This interview discusses Frank J. Biondi's education, career, and involvement in The Electrochemical Society, beginning with college experiences as a chemical engineering major at Lehigh University and initial work at Bell Telephone Laboratories (BTL). Biondi describes his position within the structure of BTL in the 1930s and reasons for his pursuit of graduate education at Columbia University. After completing his master's degree in chemical engineering, he enrolled in the PhD program and became involved in the Manhattan Project. Biondi worked on a gaseous diffusion program to separate uranium 235 from uranium ore, designing the diffusion barrier used for the atom bomb. Biondi describes the reasons for Union Carbide's appropriation of his barrier's design and related patent applications and process details, and the subsequent manufacture of large amounts of barrier. After making his contribution to the Manhattan Project, Biondi returned to BTL work and focused on electronics, initially developing long-life cathodes used by the British during the war. He continued cathode work, becoming involved with the ASTM to standardize three nickel alloys for electronics industry electron tube cathodes. Biondi describes his rise through various BTL departments, his entry into transistor work, and associations with The ECS, which began in an effort to assure BTL metallurgists designing semiconductor devices an outlet for publishing and presenting their work. After touching on solid-state activity and descriptions of new electrochemical processes in ECS publications, the interview returns to Biondi's BTL career progress, particularly his work on transistors. As Biondi reviews his later career, he discusses fuel cell work, relationships with N. Bruce Hannay and R. M. Burns, the electronics industry's first dust-free white room, semiconductor work for satellites, and improvements in battery manufacture and design. The interview closes with comments on the effects of changes related to AT&T and Lucent Technologies, the future of The ECS, and consulting work since retirement from BTL.
The interview begins with N. Bruce Hannay discussing the origins of his interest in electrochemistry and his awareness of The Electrochemical Society as an ideal organization for discussions and publications on topics related to solid state chemistry. The interview continues as Hannay recalls Bell Labs' support for his early activities in The ECS, which included organizing meetings and suggesting speakers, particularly within the Electronics Division. Hannay emphasizes the reciprocal relationship between the Society and Bell Labs, where he served as Vice President for Research during his ECS presidency. Hannay helped to further the Society's interest in solid state and corrosion work while he had responsibility for electrochemistry at Bell Labs. Throughout the interview, he comments on positive aspects of the Society's internal operations; its relations with other scientific organizations and companies, including the American Chemical Society, GE, and Bell Labs; and the influence of colleagues such as R. M. Burns and Charles Tobias. He also describes the Society's strong responsiveness to its members' needs, its influence on his professional development during the middle of his career, and his views of the future of both The ECS and electrochemistry in general.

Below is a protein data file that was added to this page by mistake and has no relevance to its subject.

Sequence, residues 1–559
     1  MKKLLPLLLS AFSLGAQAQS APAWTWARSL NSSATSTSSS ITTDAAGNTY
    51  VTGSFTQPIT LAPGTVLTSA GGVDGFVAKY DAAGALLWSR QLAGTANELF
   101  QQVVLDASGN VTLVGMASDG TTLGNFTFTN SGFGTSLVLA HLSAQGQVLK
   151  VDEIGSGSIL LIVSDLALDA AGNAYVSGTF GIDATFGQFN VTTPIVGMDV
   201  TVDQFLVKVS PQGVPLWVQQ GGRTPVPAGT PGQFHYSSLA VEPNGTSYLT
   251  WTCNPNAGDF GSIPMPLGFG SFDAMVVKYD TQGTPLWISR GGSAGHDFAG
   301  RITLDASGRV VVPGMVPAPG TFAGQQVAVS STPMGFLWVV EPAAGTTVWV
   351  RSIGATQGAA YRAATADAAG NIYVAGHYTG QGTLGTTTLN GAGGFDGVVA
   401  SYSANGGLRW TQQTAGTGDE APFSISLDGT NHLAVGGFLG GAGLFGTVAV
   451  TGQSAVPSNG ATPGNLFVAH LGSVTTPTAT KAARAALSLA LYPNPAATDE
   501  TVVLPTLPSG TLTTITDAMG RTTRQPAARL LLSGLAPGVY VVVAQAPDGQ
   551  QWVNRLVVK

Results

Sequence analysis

Charles Tobias begins this interview with a description of his extended family in Hungary and their interest in engineering. He remembers his early childhood and education in Hungary and the influence of his family and high school chemistry teacher in his selection of chemical engineering as a career. Next, Tobias discusses his education at the University of Technical Sciences in Budapest. Throughout this section he points out the strengths and weaknesses of his education and compares the US and Hungarian systems. Tobias continues by recalling his initial desire to join his brother in graduate research in the US and the intermediary time spent in wartime Hungary as a chemical engineer and, later, as a researcher. Next, he describes the legal and logistical problems he faced in leaving post-war Hungary to join his brother at Berkeley. In remembering his initial visits to Berkeley, he fondly remembers the help of John Lawrence, W. M. Latimer and others. He discusses his early research interests and contact with students as a teacher and research advisor. He finishes the first day of interviewing with an overview of the changes within his department during the 1960s. On the second day of interviewing, Tobias starts by describing his initial attraction to The ECS through student readings of the society's journal. He recalls his interest in reviving the local Berkeley section and meeting colleagues who would play a role throughout his career. As he describes his leadership in reorganizing the tone and structure of The ECS and the Theoretical Division, he emphasizes the roles played by others who joined with him. Moving on to his presidential activities, he touches on several changes within the society and the emphasis he placed on both professional conduct and attracting and supporting young society members. He also discusses the development of electrochemical engineering as a field, and the roles played by him, his students, and the society within that development. He finishes the interview with a brief comment on the role of intuition in science.